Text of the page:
Do you have ever seen any plant or animal decaying/decomposing at the soil surface?
Have a look at the picture below:
In the picture, leaves from plants are falling down and decomposed at the soil. These leaves are called organic matter.
Organic matter includes any plant or animal material that returns to the soil and goes through the decomposition process.
According to Russell, “Soil organic matter consists of a whole series of products which ranges from undecayed plant and animal tissues through ephemeral products of decomposition to fairly stable amorphous brown to black material bearing no trace of anatomical structure of the material from which it was derived and it is the latter material that is normally defined as the soil humus.”
(Another name: Organic colloid)
Humus is the final position of decomposed material. Decomposition occurs by micro-organisms present in the soil. After decomposition, decomposed matter totally loss its structure that’s called humus.
According to Buckman and Brady, “Humus is a complex rather resistant mixture of brown or dark brown, amorphous and colloidal substances modified from the original tissues or synthesized by the various soil organisms.”
- Amorphous: Having no clear structure.
Soil Organic Matter (SOM)
There are many carbon-based compounds in nature. Organic matter pertains to any of the carbon-based compounds that is present in large number or amount in nature.
An organic compound must contain carbon and hydrogen. The four major categories of organic compounds that are present in all living things are carbohydrates, lipids, proteins and nucleic acid. So, living things are described as organic since they are composed of organic compounds e.g. carbohydrates, lipids, proteins and nucleic acids.
There are two types of sources of soil organic matter:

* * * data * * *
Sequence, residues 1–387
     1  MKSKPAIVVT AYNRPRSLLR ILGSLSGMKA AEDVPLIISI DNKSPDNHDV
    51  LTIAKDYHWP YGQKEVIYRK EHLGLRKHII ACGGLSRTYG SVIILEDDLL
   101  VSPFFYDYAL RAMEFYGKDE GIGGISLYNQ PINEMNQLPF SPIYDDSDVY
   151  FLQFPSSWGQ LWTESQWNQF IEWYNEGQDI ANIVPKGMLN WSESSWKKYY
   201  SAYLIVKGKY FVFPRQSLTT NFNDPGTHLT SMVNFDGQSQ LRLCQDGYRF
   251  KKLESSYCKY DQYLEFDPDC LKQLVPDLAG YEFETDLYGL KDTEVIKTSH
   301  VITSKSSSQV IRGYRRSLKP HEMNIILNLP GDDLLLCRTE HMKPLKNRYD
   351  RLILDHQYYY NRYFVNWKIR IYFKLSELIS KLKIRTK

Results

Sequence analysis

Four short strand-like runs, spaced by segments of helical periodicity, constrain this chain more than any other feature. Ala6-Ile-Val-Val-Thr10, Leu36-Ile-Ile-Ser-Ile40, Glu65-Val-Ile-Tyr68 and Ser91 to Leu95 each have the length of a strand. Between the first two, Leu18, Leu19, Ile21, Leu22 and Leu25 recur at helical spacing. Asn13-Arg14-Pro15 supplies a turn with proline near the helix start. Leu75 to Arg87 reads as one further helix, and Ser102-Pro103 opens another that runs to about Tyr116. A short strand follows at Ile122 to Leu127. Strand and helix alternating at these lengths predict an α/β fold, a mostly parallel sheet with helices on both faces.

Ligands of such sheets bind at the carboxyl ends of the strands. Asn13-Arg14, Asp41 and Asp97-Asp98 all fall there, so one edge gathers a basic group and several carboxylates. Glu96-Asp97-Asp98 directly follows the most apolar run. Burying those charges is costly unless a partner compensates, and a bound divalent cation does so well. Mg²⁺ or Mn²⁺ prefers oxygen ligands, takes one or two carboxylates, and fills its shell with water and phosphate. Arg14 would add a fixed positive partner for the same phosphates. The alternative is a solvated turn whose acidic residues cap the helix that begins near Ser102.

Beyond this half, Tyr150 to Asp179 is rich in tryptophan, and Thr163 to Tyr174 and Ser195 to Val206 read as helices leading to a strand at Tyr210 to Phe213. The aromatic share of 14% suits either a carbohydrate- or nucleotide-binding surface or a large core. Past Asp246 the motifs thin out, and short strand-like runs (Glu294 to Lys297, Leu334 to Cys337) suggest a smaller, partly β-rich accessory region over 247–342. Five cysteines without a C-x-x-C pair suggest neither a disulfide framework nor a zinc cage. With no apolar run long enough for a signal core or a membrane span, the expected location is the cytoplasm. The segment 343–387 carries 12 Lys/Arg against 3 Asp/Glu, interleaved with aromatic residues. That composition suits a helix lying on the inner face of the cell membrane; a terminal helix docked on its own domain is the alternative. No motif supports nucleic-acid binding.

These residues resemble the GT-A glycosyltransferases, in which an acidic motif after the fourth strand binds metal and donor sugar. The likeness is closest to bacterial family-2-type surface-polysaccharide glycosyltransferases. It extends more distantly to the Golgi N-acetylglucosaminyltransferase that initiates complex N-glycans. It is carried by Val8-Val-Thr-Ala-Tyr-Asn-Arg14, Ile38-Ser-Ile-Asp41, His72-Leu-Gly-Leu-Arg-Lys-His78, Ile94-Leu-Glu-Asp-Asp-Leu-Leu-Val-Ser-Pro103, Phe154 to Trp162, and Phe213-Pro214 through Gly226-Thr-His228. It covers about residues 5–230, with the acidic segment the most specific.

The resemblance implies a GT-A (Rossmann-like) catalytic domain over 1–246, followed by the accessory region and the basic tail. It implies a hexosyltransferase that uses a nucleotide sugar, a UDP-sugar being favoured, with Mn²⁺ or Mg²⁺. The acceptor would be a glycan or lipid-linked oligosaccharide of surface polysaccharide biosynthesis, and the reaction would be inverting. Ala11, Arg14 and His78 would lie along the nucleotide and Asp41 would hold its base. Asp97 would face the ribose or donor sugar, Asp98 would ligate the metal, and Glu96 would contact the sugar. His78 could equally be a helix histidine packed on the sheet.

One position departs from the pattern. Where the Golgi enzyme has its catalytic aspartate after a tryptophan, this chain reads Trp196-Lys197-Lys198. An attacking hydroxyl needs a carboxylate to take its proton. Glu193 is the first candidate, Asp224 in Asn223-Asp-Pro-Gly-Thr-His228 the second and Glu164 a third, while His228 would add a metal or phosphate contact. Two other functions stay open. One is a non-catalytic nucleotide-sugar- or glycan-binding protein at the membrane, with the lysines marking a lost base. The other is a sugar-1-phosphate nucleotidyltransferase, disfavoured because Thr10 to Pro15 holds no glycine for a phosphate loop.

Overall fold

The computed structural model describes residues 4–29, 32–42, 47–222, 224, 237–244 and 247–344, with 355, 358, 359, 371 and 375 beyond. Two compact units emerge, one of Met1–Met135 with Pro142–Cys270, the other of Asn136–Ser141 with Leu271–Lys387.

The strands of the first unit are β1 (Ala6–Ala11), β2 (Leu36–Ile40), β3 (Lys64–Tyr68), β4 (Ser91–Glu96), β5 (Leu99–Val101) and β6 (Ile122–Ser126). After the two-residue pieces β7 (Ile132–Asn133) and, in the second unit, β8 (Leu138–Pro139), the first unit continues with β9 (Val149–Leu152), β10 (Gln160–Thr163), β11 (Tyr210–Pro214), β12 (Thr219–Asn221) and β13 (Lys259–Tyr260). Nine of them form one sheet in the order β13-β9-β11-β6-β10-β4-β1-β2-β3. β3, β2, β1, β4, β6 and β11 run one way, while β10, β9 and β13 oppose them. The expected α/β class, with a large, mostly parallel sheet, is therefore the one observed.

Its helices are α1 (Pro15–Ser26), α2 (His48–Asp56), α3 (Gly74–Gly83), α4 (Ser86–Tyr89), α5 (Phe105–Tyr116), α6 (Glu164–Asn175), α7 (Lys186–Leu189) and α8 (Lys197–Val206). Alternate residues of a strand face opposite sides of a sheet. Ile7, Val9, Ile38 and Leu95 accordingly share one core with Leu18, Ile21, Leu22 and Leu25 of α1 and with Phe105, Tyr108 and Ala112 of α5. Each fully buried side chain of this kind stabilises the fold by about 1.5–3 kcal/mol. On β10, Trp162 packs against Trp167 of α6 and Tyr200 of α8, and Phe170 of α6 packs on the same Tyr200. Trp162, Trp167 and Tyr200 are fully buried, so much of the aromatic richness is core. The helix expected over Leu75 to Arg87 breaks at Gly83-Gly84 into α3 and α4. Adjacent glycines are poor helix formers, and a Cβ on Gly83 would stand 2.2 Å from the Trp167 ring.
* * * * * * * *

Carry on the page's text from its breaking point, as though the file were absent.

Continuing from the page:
a) Primary /Main sources:
Undecomposed, partially decomposed or completely decomposed plant tissues are the primary or main sources of soil organic matter.
b) Secondary sources:
Animal tissues and micro-organisms are the secondary sources of organic matter in soil.
Functions of organic matters
Organic matters (OM) serves many purposes in the soil. In general, they are classified into 3 categories.
- Physical functions
- Chemical functions
- Biological functions
- Coarse (big in size) organic matters reduces surface runoff and erosion and avails more water for plants.
- OM helps in forming and stabilizing soil aggregates. These aggreagates favours aeration and permeability in the soil.
- Decayed matters create large pores in the soil that helps in root respiration and growth.
- Increases water holding capacity of soil.
- Surface mulches ( substance placed on the soil surface) lower soil temperature in the summer and keep the soil warmer in winter.
- Evaporation losses of water are reduced by organic mulches. These mulches also provide nutrients to the soil when decomposed.
- During decomposition of organic matters, organic acids and CO2 are produced. These helps to dissolve minerals in soil water and increases their availability to plants.
- Organic acids released from decomposing organic matters help to reduce alkalinity un soils.
- OM helps to buffer soil against rapid chemical changes in pH due to the addition of lime and fertilisers.
- Humus provides a storehouse for exchangeable and available cations k+, Mg2+ , Ca2+ as well as ammonium (NH4+ ) fertilisers.
- Fresh organic materials have a special function in making soil phosphorus more readily available in acid soils.
- Organic matter serves as a reservoirs of chemical elements essential for plant growth such as k, N2, Na etc.
- Serves as a source of energy for the growth of soil micro-organisms.
- Fresh matters supply food for soil life such as earthworm, ants and rodents.
2. Soils: their chemistry and fertility in tropical Asia- Tamhane RV, DP Motitamani, YP Bali and RL Donahue.
3. Soil fertility and fertilisers- Tisdale SL, WL Nelson, JD Beaten, JL Havlin.